On June 5th, 1947 – two years after Hitler killed himself rather than meet advancing Soviet troops – Secretary of State George C. Marshall outlined a plan to revitalize a worn-torn Europe.
I need not tell you gentlemen that the world situation is very serious. That must be apparent to all intelligent people. I think one difficulty is that the problem is one of such enormous complexity that the very mass of facts presented to the public by press and radio make it exceedingly difficult for the man in the street to reach a clear appraisement of the situation. Furthermore, the people of this country are distant from the troubled areas of the earth and it is hard for them to comprehend the plight and consequent reactions of the long-suffering peoples, and the effect of those reactions on their governments in connection with our efforts to promote peace in the world. In considering the requirements for the rehabilitation of Europe the physical loss of life, the visible destruction of cities, factories, mines and railroads was correctly estimated, but it has become obvious during recent months that this visible destruction was probably less serious than the dislocation of the entire fabric of European economy ... Under the arbitrary and destructive Nazi rule, virtually every possible enterprise was geared into the German war machine. Long-standing commercial ties, private institutions, banks, insurance companies and shipping companies disappeared, through loss of capital, absorption through nationalization or by simple destruction. In many countries, confidence in the local currency has been severely shaken. The breakdown of the business structure of Europe during the war was complete. Recovery has been seriously retarded by the fact that two years after the close of hostilities a peace settlement with Germany and Austria has not been agreed upon. But even given a more prompt solution of these difficult problems, the rehabilitation of the economic structure of Europe quite evidently will require a much longer time and greater effort than had been foreseen.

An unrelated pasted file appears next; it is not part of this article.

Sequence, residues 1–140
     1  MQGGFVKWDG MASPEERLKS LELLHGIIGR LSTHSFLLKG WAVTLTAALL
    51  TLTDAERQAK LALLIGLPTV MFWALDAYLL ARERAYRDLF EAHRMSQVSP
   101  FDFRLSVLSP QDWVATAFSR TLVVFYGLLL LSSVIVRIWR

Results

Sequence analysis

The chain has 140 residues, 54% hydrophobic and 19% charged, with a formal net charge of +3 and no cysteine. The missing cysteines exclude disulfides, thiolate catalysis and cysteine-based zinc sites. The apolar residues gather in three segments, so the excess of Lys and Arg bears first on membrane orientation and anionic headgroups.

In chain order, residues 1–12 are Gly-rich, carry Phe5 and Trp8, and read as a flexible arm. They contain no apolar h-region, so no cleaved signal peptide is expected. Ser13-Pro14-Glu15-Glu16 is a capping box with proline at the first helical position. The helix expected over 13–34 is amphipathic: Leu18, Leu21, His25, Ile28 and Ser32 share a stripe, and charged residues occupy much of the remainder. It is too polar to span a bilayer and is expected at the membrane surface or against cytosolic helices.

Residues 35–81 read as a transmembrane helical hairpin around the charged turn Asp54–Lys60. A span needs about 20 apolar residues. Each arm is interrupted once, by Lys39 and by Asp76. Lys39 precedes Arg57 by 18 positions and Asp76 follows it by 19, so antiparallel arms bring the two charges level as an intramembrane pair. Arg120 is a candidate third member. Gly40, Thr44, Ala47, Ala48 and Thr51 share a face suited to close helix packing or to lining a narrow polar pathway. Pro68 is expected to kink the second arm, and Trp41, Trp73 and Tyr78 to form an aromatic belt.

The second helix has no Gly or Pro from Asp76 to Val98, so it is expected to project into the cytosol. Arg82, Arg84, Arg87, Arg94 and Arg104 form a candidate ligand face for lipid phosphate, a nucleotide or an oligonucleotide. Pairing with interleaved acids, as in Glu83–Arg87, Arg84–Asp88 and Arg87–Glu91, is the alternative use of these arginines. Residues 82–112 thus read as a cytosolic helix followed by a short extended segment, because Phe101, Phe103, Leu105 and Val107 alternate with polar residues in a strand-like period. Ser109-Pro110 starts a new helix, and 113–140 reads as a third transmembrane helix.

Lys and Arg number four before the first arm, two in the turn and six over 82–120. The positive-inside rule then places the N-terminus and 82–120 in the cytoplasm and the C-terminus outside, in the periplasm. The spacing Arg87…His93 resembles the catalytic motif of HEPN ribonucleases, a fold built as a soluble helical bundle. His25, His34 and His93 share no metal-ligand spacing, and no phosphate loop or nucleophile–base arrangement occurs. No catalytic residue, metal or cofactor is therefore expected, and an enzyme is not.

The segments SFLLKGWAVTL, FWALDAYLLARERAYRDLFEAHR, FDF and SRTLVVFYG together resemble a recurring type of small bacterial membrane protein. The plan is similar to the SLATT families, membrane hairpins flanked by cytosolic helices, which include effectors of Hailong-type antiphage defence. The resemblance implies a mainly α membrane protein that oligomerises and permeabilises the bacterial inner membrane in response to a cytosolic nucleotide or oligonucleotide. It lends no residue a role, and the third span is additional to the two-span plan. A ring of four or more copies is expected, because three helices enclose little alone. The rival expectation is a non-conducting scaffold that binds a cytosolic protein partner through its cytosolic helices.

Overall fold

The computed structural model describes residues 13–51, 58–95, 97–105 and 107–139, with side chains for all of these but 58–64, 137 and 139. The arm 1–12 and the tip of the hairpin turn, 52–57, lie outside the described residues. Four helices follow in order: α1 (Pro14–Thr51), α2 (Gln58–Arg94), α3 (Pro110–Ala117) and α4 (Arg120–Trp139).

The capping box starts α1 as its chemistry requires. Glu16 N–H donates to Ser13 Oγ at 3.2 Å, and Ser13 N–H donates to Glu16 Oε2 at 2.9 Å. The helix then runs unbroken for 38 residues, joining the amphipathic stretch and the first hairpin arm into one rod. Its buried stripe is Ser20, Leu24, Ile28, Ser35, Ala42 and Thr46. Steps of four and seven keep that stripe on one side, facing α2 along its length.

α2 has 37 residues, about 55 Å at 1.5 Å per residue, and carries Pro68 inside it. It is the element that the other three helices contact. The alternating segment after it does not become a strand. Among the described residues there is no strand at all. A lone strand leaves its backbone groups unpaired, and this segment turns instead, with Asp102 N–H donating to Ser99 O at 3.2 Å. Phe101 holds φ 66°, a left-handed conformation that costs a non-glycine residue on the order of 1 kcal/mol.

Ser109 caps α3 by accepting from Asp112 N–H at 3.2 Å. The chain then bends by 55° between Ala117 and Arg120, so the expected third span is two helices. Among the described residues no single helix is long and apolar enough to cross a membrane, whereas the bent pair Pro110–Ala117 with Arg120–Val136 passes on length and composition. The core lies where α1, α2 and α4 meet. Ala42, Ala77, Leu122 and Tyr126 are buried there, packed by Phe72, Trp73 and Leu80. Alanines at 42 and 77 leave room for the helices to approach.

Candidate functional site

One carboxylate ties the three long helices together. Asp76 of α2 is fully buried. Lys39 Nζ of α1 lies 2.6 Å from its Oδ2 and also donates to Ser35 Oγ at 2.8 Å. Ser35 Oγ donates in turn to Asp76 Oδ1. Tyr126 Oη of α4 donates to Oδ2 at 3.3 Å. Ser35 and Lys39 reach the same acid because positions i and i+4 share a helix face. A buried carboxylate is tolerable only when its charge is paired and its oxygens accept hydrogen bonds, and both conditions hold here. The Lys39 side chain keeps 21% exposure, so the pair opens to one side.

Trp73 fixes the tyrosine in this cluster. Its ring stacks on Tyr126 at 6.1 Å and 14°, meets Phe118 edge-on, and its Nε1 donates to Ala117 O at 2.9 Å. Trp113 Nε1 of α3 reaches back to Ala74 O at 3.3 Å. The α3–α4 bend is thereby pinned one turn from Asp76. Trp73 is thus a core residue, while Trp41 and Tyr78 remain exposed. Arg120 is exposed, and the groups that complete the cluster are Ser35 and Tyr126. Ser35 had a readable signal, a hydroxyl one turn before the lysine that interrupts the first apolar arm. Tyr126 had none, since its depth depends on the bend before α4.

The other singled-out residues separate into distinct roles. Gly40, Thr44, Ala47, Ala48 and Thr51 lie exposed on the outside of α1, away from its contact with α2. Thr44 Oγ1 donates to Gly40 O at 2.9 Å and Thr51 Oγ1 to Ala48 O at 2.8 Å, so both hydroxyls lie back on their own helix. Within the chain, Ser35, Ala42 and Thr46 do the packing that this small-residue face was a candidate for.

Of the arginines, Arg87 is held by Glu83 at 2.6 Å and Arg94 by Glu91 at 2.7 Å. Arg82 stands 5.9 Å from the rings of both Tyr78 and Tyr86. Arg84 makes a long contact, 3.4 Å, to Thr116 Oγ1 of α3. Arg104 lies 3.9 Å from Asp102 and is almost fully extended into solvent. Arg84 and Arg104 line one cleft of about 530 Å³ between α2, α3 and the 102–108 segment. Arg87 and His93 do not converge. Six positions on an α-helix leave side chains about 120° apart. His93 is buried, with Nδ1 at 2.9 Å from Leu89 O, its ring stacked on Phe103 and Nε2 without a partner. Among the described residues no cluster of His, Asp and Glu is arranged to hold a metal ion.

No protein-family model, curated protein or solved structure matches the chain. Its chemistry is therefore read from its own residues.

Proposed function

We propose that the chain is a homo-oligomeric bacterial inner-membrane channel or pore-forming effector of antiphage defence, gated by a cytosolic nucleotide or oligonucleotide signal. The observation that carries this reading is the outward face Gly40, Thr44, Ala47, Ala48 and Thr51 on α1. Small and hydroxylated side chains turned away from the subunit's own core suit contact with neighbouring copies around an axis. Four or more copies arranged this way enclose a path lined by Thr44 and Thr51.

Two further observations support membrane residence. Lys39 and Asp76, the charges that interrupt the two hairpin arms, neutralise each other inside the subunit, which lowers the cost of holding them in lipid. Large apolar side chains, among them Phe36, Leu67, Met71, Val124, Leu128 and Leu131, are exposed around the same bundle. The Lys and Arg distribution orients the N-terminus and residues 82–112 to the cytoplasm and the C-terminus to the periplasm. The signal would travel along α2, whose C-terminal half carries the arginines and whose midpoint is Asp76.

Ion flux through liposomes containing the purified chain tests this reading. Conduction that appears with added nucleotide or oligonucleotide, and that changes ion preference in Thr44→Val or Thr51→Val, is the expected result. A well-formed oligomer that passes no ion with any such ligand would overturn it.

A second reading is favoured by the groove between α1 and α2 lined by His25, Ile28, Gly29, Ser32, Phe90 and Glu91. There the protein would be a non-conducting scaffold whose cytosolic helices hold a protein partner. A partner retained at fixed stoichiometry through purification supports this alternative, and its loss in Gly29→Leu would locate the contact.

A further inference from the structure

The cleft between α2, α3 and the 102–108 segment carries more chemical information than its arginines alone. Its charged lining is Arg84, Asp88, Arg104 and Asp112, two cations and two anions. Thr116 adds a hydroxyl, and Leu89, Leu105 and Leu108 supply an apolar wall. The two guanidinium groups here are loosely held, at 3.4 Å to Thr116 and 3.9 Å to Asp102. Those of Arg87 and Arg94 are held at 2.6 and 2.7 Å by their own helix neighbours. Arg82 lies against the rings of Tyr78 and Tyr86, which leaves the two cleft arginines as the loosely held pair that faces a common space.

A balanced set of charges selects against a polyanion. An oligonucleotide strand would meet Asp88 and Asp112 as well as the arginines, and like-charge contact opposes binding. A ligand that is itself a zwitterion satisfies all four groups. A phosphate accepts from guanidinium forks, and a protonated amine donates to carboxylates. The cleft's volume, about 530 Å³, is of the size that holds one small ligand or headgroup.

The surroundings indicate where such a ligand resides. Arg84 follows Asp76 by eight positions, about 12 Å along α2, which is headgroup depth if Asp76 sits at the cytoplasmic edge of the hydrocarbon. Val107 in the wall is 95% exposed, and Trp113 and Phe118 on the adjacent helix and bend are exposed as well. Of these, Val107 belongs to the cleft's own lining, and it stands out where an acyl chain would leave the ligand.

Although himself a military man, Marshall's plan focused on rebuilding Europe's economic infrastructure. Revitalized national economies and productive people, Marshall correctly believed, would underpin political stability and peace. From the ashes of war and misery, American dollars would seed the rise of friends and vanquished foes alike. It worked.
From 1950 to 1973 real GDP per capita in the United States rose by 2.45 percent a year—a strong performance. But France grew much faster over this period, increasing its level of GDP per capita from 54 percent of the US level to 77 percent. The corresponding figures for West Germany are 49 percent to 87 percent, and 40 percent to 70 percent for Italy.
What I find most interesting about Marshall's speech, though, is not how he closes. It is how he opens.
Standing before an audience at Harvard, Marshall begins by attempting to explain an enormously complex topic – social, political, military, and economic – to his countrymen far from Cambridge, Massachusetts.
Even after sending millions of their sons and daughters to defeat Nazi Germany and Imperial Japan, Americans had a difficult time making sense of matters far from their shores. Marshall knew that before they could commit to a better future over there, they had to understand what was at stake right here.
They needed clarity.
Today's platforms may be slightly more advanced than radio, but real, persistent clarity remains elusive.
The critical difference between then and now is that the average person once relied on trusted public leaders, like Marshall, for guidance. Now, from spiraling pandemics to ECO-101, we are asked to trust cranky old conspiracy-theorists.
Perhaps we get the leaders we deserve or, just maybe, we will heed Marshall's advice that, for a beleaguered people, "remedy lies in breaking the vicious circle and restoring the confidence."
In 1947, those people were European. Now they are us.